Estimated read time: 2-3 minutes
This archived news story is available only for your personal, non-commercial use. Information in the story may be outdated or superseded by additional information. Reading or replaying the story in its archived form does not constitute a republication of the story.
LAYTON -- A house fire in Layton displaced a family and caused thousands of dollars in damage Saturday.
Fire investigators said it started near the chimney flue in the attic. They said the insulation was too close to the hot pipe and caught fire -- a problem that could become more common as the winter sets in.
The house, located near 1500 North and Cherry Lane, was declared unlivable. The cost of the damage to the home was estimated at $85,000.
"The past two days we've had two fires -- chimney fire-related -- so this is a concern to us right now," said Doug Bitton with the Layton City Fire Department.
The concern was the fire's origin.
"This vent pipe has a lot of white impingement marks right here," Bitton said.
Bitton investigated for Layton City Fire and said the white marks show where the insulation ignited.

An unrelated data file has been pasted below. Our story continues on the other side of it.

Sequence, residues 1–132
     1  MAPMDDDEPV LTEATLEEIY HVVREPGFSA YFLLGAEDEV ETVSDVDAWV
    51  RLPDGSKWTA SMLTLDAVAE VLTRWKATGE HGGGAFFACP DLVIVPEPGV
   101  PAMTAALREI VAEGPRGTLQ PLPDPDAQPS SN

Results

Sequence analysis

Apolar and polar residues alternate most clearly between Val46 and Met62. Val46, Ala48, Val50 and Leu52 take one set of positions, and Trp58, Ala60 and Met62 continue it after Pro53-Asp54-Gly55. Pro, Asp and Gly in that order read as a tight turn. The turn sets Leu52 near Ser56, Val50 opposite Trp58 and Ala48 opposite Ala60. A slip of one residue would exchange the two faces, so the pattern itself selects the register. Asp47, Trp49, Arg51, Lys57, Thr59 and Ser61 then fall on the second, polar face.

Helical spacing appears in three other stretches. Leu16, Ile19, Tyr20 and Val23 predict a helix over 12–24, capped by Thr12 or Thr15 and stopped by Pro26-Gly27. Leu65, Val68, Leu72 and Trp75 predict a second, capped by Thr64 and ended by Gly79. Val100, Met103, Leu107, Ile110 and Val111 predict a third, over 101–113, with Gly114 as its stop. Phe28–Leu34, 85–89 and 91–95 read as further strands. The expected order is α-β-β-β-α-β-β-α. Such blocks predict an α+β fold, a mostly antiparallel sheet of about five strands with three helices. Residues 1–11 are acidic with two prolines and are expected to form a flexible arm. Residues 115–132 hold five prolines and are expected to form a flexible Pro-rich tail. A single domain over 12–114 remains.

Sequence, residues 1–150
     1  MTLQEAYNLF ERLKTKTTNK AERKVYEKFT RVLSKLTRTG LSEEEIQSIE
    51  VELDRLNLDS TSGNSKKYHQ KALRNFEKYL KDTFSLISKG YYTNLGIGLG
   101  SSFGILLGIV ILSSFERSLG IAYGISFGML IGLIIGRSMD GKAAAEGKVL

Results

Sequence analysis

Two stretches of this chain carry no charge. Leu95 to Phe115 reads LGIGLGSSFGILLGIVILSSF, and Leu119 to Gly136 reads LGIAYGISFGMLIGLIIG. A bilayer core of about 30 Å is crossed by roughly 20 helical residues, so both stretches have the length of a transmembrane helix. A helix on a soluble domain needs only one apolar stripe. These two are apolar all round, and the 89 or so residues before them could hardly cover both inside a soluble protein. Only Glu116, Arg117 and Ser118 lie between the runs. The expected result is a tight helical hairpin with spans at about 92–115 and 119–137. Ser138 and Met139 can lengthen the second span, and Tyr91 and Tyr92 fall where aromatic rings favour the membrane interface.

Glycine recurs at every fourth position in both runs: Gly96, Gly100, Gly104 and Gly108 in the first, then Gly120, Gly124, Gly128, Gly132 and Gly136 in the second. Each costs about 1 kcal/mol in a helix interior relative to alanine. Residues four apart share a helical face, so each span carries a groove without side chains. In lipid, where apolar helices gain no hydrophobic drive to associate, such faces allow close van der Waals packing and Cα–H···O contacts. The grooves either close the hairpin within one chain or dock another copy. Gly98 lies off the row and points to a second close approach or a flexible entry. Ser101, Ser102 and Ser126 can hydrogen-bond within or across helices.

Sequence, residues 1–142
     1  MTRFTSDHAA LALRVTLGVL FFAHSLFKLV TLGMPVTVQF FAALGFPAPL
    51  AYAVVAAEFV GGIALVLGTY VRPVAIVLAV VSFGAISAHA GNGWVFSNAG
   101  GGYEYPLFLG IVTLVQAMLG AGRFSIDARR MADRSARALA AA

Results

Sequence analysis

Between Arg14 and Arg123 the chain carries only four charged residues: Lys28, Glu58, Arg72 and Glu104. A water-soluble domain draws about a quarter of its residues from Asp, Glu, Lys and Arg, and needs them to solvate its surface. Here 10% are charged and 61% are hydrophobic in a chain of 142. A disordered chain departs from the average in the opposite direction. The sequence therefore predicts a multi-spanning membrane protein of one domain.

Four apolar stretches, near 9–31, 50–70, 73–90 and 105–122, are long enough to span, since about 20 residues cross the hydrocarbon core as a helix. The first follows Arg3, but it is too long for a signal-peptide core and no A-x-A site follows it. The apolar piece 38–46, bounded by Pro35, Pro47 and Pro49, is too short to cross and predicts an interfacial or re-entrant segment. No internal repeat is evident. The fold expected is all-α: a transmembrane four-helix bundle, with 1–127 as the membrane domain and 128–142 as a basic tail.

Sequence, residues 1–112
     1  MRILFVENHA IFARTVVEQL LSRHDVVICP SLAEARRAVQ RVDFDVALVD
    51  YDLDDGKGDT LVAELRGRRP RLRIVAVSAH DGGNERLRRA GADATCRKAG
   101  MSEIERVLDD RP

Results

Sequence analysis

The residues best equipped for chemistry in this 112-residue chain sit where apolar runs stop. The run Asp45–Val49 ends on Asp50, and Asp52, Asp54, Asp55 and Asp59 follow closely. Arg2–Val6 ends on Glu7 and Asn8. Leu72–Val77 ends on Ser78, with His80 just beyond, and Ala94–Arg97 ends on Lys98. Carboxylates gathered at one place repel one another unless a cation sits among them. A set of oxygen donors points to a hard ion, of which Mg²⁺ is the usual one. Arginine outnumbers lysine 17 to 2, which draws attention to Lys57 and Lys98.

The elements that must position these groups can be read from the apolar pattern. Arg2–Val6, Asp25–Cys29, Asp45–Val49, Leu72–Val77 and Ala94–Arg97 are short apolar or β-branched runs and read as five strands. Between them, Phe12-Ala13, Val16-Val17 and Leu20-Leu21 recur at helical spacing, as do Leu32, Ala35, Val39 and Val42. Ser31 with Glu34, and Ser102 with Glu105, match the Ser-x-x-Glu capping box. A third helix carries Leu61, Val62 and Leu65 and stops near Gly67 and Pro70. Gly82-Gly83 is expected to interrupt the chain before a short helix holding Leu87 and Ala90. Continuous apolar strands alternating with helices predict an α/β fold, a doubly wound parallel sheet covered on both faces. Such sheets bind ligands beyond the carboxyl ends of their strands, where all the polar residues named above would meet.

The homeowner had cellulose insulation blown in this spring, thinking it would save energy and money. Just the opposite happened, however.
The family lit their wood burning stove around 4 p.m. Saturday. By 8:00, they knew something was wrong.
"First the electrical went off in the family room, which surprised them, and then they saw a different haze -- color of light -- out the rear of their home," said Bitton.
They evacuated just in time for crews to start their work on the attic. The fire spread through the insulation, so they had to remove most of it.
An hour later the fire was out, and the family was forced out as well.
Bitton said all families need to check the clearance between their flues and the insulation. Most building codes recommend 1 to 2 inches of space, depending on the pipe.
The U.S. Department of Energy suggests putting in a clearance dam or a protective sleeve.
"We don't want any radiant heat hitting this type of cellulose insulation that could cause a possible combustion," said Bitton.
Bitton said local code officials can help people make the right adjustments.